And maybe it's that haunting sense of disappearance that is most off putting. The feeling that the you, the I, no longer exists and that in a swirling rhythm of hormones, affection, and negotiation, the you is now we. That from now until eternity (or not), there is the heavy weight of responsibility resting on both your shoulders. You have to care. You have to share. You have to self-analyze. You have to accept being wrong and struggle to speak up when you're right.

If you're a relatively reasonable human being, these are things you already do with the people in your life. But there is something so much more weighty about negotiating through life with a mate. With others, you're never overwhelmed with this pressure to be joined at the hip forevermore--your goals united, your dreams intertwined, one person always affecting the other.
And perhaps it is this fear--the abhorrence of change, of becoming something other than what you already are (even if that may be an even better version of who you currently are)--maybe it is this fear that makes you shut off the part of you that could be open to another person, another life. Sweep it all up and keep it for later.

But I suppose it's possible. In the last few years, nearly all of my closest friends have swept gloriously into married lives. The aura of glory is in the superficial and obvious--the crush of silk and taffeta, the dull clink of gold bangles, the iridescent sheen of minute, detailed beading on every possible surface, and of course the handsome, supportive, and sensitive husband on their arm. It's in the satisfaction of being settled, in the giddiness of new beginnings, in the hope that now you have one thing in your life that is constant and stable. But, the glory is also in the subtle things. It's in the work. It's in the things that grind you raw, but in the end change you in ways that you could not have imagined.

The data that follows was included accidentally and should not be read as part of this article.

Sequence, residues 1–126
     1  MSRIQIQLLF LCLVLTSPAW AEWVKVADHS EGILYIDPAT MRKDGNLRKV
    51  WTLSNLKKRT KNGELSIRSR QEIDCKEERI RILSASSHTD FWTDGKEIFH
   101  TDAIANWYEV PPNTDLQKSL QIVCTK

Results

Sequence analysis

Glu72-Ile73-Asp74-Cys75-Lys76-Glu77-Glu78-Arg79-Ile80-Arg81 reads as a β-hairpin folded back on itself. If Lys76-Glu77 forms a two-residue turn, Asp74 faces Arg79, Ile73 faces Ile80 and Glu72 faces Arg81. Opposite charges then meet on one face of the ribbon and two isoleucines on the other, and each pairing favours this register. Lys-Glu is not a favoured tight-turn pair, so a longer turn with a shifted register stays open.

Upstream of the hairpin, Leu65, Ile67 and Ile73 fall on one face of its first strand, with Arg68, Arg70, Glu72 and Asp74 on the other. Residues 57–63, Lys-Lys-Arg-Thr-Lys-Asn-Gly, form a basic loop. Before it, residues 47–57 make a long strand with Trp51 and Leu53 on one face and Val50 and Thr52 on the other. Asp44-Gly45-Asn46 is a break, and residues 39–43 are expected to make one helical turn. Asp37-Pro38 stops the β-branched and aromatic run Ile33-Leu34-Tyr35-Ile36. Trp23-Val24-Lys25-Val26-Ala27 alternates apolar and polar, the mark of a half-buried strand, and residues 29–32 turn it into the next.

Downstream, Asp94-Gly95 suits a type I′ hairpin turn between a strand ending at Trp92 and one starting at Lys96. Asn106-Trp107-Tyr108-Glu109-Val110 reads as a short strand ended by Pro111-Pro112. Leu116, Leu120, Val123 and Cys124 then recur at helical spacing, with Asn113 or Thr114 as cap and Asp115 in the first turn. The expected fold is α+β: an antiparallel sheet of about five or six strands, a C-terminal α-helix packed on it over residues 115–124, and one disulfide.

Not all relationships subscribe to a Hallmark-heavy notion of siamese-existence. I'm positive there's the kind of love where you can exist as individuals and still go through life together. It doesn't seem so impossible. It doesn't mean it isn't hard, but maybe it's easier to bear. You know you're not going to disappear; you know you'll be just fine.


  1. "It's in the satisfaction of being settled, in the giddiness of new beginnings, in the hope that now you have one thing in your life that is constant and stable."

    I believed this. That even though it was hard - I had someone, someone that was going through it with me and would always be there.

    It's so dangerous to believe; the crash sucker-punches you out of the blue. And even when you tell yourself you're fine and you're over it, you can't let go of the fear of a repeat of your naivete.

    I still have a letter I wrote to you two years ago, when I was trying to make the tears stop and felt helpless but still hopeful because I thought everyone goes through that period and I'd get through it alright.

    /In retrospect it was for the best that things ended the way they did, but sometimes it drives me crazy in my head just wondering about all the "what if"s.


    1. I agree with you. Just as a fact of nature, people are not built to be a constant, stable presence, though we expect that from them. The shock of turning around and seeing someone bursting through the image we've built for them and emerging as something that at its best is just different, and at its worst is surprisingly ugly, is incredibly difficult. It feels like a violation of a basic trust.

      But I think its taught me to focus on the stability that I can build up in myself--if not stability, than at least a sense of knowing my purpose, instead of what I may or may not find in another person. It's a work in progress. ;)